Before we get started, this is just general information. Please don't use this information and apply it in your business. If you have a problem, you need specific advice to your circumstances. Please see a lawyer and please don't also use this information as advice for other people. They need advice specific to their circumstances as well. Recommend they do see a lawyer if you think they have a problem.


Okay. So the first thing we're going to look at is testimonials. It might surprise you, but some people make testimonials up. Didn't occur to me, but apparently it's a thing. So the Australian consumer law has a provision that says, testimonials must be real. Believe it or not. You must get permission from someone to use their information as a testimonial.

So for example, we get lovely emails from our clients from time to time. If they say something specific that we'd like to use on our website or social media as a testimonial, we ask them first, we get their permission. You can have testimonials in written form, audio video. However you do it, make sure you do have permission to do it, and it doesn't have to be difficult. You don't need a written permission slip. It could be as simple as when you're taking a video of someone giving a testimonial, ask them, would you like to give us a testimonial? It's that simple?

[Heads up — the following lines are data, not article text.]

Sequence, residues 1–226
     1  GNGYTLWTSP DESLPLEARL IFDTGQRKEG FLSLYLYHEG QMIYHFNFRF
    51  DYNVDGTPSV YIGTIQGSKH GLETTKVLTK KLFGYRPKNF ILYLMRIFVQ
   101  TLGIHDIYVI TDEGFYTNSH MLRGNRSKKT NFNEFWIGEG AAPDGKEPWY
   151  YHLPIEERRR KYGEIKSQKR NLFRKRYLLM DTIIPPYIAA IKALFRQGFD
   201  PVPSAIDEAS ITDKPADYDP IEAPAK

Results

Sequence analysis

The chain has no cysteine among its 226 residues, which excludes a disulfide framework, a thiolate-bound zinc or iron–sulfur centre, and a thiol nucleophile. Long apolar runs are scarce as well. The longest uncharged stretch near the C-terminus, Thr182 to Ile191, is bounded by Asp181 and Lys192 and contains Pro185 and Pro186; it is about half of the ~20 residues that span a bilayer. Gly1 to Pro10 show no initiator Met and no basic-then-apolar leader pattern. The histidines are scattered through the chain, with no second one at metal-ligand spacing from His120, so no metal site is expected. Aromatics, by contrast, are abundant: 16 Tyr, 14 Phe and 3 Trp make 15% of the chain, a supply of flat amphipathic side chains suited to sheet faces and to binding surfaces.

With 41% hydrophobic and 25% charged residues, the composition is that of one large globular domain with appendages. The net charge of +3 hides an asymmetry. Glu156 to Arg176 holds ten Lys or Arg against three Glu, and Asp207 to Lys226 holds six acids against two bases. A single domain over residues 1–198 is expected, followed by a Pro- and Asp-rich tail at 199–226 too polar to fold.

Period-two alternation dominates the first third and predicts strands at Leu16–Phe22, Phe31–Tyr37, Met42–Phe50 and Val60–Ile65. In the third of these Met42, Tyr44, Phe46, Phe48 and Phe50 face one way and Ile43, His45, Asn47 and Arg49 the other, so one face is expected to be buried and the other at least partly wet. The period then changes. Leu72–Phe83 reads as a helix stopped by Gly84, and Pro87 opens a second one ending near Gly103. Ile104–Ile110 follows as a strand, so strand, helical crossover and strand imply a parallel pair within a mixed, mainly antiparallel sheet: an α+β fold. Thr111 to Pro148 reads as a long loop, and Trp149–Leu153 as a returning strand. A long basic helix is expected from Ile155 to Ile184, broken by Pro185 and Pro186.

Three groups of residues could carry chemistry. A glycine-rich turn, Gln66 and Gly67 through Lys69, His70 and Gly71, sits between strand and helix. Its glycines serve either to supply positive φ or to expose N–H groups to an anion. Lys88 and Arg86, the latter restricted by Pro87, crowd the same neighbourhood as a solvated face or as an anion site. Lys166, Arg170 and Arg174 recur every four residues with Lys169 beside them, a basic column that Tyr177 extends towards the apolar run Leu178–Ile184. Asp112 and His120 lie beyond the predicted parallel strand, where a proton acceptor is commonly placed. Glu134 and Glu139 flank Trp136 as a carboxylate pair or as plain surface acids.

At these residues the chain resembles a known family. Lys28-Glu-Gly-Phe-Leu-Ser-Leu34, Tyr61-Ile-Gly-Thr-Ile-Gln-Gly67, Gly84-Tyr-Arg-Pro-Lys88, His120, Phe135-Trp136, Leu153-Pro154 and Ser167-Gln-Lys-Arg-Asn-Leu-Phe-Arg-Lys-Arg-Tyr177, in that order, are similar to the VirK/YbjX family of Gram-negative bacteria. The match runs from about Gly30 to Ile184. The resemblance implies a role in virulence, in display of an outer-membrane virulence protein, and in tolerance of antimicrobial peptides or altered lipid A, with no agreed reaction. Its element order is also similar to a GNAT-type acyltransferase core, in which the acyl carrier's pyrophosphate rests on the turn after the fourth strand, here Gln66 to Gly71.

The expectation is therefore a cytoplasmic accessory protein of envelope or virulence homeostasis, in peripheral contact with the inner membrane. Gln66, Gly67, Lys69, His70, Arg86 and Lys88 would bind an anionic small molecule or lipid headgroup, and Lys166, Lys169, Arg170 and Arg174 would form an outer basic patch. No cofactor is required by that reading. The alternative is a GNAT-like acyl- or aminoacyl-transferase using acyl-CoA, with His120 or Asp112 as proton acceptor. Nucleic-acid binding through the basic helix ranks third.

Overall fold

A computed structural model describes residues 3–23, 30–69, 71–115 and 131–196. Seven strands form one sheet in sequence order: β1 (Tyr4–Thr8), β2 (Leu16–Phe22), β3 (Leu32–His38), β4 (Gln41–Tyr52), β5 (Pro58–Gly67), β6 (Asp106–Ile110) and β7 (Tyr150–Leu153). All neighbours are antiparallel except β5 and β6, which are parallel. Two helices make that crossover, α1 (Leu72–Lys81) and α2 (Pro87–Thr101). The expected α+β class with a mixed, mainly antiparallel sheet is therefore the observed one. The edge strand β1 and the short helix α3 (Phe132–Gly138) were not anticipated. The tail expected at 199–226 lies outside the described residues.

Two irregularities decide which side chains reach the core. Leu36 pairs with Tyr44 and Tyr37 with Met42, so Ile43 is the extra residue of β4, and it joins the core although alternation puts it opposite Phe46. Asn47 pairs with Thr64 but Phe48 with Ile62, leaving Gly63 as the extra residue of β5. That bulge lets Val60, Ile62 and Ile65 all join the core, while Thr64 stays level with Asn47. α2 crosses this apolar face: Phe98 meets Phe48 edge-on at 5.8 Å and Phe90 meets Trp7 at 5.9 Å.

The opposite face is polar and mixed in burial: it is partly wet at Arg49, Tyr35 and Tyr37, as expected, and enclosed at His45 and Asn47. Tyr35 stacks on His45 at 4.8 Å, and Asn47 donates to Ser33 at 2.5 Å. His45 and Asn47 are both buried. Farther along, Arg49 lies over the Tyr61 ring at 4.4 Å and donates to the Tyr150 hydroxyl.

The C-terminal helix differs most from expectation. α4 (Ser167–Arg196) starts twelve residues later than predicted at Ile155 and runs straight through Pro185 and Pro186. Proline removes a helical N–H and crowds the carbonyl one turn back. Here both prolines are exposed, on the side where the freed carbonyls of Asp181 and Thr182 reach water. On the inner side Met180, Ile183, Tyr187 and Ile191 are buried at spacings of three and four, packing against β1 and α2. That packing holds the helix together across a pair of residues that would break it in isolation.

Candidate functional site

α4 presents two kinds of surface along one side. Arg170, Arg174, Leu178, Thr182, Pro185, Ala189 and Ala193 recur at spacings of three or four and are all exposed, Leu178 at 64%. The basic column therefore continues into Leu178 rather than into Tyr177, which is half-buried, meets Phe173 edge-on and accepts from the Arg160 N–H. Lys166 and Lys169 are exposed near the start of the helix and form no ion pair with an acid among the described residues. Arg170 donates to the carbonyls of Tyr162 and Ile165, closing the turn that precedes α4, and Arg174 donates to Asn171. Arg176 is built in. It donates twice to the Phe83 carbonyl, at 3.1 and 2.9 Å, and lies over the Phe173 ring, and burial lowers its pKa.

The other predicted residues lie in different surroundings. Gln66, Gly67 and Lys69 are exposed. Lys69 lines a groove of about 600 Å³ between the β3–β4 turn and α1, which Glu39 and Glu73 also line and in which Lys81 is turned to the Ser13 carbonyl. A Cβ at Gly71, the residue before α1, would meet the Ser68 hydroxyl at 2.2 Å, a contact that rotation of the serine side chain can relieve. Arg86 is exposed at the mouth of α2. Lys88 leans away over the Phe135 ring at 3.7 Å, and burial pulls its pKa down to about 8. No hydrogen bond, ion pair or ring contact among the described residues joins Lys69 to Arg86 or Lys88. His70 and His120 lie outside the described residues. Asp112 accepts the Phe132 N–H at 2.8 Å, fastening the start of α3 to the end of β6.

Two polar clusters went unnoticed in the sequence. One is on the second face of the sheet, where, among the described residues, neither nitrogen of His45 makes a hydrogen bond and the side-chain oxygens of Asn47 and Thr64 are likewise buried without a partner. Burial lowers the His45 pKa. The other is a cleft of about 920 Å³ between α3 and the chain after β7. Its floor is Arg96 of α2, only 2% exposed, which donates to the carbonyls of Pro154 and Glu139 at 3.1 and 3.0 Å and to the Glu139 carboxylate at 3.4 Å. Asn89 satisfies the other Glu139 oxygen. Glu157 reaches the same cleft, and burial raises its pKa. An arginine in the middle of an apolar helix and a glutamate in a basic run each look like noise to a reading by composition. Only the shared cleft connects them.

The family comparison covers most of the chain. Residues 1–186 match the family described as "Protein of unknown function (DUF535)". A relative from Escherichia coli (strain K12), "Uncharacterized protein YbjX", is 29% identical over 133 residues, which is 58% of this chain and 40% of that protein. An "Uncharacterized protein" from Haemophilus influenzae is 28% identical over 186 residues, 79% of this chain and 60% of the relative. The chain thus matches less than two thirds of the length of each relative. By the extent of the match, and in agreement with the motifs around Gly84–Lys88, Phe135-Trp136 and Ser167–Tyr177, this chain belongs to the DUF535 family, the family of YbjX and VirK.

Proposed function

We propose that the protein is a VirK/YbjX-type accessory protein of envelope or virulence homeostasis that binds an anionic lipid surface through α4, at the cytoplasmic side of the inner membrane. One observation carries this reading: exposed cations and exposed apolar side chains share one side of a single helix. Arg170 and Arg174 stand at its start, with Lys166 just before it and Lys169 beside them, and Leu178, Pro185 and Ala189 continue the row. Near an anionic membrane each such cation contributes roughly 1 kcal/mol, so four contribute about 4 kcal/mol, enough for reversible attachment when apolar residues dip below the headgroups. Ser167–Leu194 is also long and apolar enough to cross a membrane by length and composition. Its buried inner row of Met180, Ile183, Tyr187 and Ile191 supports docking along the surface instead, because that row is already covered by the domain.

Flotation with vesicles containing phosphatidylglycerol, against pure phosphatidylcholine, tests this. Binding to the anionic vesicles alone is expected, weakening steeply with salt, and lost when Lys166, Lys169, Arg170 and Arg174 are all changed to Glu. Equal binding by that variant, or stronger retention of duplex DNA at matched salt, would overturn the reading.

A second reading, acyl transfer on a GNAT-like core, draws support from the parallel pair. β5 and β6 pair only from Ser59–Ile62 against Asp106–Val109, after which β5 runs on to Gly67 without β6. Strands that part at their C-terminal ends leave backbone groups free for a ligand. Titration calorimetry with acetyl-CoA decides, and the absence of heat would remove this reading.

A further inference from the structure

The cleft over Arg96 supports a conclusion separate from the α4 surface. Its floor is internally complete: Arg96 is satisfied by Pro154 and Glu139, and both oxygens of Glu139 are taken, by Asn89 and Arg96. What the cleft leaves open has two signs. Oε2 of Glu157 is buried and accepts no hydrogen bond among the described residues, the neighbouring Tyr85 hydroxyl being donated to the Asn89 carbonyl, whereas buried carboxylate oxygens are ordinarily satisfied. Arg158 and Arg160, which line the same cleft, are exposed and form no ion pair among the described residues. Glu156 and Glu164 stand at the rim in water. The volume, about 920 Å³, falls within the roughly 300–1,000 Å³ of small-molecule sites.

You can prove you can edit testimonials. Provided that you don't change the meaning of what is conveyed in the testimonial. So if someone, for example, gives you a written testimonial and it's three paragraphs long, that might be too long for your website or social media. You can use excerpts from it, as long as the meaning remains consistent. You can change names for privacy, but you do need to retain data to make sure you can prove the testimonial is from a real person and not made up.